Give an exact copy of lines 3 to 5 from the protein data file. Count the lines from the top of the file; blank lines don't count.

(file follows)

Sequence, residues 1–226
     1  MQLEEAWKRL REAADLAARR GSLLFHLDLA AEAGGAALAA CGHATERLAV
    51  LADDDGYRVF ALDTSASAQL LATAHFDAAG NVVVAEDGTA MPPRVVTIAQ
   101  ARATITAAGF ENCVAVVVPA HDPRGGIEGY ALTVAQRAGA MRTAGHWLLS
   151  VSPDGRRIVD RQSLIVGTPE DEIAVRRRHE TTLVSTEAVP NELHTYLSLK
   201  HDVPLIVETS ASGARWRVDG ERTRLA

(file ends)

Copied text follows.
    51  LADDDGYRVF ALDTSASAQL LATAHFDAAG NVVVAEDGTA MPPRVVTIAQ
   101  ARATITAAGF ENCVAVVVPA HDPRGGIEGY ALTVAQRAGA MRTAGHWLLS
   151  VSPDGRRIVD RQSLIVGTPE DEIAVRRRHE TTLVSTEAVP NELHTYLSLK